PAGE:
Thompson adapts Nanny McPhee from the Nurse Matilda books by childrens writer Christianna Brand. Christianna Brand produced three Nurse Matilda books Nurse Matilda (1964), Nurse Matilda Goes to Town (1967) and Nurse Matilda Goes to Hospital (1974). Thompson keeps the essence of the books even down to the nannys physical description with the exception of the title character getting a name change and becoming a nanny instead of a nurse. In the directors seat is Kirk Jones, who comes from a background in commercials and whose only previous film was Waking Ned Devine (1998) and woud subsequently make light comedies such as Everybodys Fine (2009) and What to Expect When Youre Expecting (2012).
On screen, Nanny McPhee emerges as Mary Poppins (1964) having been reworked by Roald Dahl or having collided with Lemony Snickets A Series of Unfortunate Events (2004). The setting is vaguely Victorian and Kirk Jones throws it into a world that seems like the stylised hyperrealism of one of the Dahl film adaptations especially Matilda (1996) albeit conducted on a B-budget. I expected great things of Nanny McPhee Emma Thompson after all did win an Oscar for writing Sense and Sensibility (and adapting Jane Austen, no less) but came out disappointed. Alas, Thompsons writing is on the banal side. The story arcs in the film are so eminently predictable as to who it is that Colin Firth will marry in the end, that the vulgar Celia Imrie will get her comeuppance, that the childrens connivance and Nannys preternatural wisdom will eventually win out over the nasty Aunt Adelaide, that the children will learn to settle down and behave.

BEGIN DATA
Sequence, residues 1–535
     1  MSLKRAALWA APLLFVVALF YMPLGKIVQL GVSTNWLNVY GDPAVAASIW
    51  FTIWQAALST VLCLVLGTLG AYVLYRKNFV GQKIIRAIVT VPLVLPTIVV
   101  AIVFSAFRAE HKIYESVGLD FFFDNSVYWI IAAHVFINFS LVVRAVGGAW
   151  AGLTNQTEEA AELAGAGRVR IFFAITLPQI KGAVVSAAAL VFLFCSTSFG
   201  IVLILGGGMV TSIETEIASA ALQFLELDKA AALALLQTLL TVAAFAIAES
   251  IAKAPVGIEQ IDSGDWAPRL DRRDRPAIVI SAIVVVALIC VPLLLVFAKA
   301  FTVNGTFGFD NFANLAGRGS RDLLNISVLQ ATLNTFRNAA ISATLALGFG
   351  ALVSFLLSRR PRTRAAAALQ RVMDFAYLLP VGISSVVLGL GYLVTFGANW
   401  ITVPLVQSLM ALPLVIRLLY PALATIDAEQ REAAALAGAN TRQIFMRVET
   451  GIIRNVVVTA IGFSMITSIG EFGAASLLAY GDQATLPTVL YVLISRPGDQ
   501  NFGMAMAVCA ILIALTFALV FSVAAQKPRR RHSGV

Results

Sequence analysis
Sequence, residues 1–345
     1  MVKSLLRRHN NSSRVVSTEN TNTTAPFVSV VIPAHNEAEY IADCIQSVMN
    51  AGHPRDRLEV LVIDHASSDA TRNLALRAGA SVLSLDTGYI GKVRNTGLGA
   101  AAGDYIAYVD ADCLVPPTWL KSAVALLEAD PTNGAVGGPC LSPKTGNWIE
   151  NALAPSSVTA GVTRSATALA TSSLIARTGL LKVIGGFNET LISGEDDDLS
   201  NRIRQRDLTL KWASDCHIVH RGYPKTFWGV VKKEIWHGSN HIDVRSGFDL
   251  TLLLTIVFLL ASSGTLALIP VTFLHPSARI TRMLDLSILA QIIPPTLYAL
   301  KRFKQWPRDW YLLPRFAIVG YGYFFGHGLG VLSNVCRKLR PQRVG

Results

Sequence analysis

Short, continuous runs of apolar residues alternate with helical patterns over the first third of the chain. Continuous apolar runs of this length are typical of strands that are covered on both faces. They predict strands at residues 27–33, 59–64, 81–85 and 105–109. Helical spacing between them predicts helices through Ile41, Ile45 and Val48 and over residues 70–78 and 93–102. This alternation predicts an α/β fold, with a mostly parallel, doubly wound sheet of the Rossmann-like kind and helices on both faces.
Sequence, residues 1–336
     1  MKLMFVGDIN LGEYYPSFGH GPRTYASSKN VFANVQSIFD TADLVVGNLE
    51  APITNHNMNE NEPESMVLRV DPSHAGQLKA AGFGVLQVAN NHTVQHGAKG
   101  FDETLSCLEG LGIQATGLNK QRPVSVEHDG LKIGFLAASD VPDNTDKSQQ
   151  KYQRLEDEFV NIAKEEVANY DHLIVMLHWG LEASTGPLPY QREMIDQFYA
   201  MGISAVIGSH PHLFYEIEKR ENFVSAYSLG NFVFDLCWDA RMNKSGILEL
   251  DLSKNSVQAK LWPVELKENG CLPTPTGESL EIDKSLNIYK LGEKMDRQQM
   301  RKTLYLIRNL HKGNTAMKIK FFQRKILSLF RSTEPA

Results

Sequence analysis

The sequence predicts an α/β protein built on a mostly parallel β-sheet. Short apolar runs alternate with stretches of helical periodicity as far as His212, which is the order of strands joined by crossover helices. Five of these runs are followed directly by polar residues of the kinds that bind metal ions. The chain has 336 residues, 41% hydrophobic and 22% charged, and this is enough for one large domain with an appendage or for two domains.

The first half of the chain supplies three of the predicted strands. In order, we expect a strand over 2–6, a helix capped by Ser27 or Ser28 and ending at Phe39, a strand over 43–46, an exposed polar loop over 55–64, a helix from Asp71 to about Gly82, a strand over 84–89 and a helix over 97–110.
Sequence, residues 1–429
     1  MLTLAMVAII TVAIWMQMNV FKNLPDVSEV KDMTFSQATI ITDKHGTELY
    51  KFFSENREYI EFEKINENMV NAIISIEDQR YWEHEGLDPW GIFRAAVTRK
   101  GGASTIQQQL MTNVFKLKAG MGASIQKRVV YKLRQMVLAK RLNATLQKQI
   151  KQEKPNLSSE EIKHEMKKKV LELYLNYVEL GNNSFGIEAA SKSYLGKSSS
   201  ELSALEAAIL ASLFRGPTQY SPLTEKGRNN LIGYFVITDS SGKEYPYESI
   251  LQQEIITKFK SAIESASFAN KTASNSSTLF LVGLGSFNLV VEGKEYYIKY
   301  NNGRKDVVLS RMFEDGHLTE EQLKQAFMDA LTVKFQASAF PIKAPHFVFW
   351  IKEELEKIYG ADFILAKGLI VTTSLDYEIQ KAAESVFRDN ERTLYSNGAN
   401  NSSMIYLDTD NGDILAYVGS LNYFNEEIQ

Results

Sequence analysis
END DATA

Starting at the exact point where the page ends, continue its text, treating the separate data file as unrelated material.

Kirk Joness marshalling of the fantasy elements is banal animated displays and ripples every time Emma Thompson bangs her cane and a dreadfully twee ending where a snowfall transforms Kelly Macdonalds dress and turns the childrens costuming white. Jones directs it all down around the level of noisy slapstick with much focus on the children causing mischief in the kitchen, malarkey with animals dressed in clothing and a slapstick scene with Colin Firth trying to prevent them from sabotaging his date with Celia Imrie indeed, the climax of the film consists of a food fight with various dignitaries at a wedding throwing custard pies at one another. There is nothing remarkable to any of Nanny McPhee, it is a generic childrens film. Somehow, one expected a little more from Emma Thompson.
The film does at least manage to accrue a good cast, including supporting performances from many worthy names of the British film industry including Colin Firth, Derek Jacobi, Imelda Staunton, Celia Imrie, not to mention Kelly Macdonald, the underage love interest from Trainspotting (1996), now all grown up and a dead ringer for Jemma Redgrave. Expatriate Brit Angela Lansbury has great fun chewing the scenery as Aunt Adelaide. The title role is one that Emma Thompson has written for herself. And Nanny McPhee is her show, with Thompson radiating a mysterious sagacity every time she appears one only wishes the film surrounding her had been a little more magical.
Emma Thompson returned playing the lead and writing the script with a sequel Nanny McPhee & the Big Bang/Nanny McPhee Returns (2010).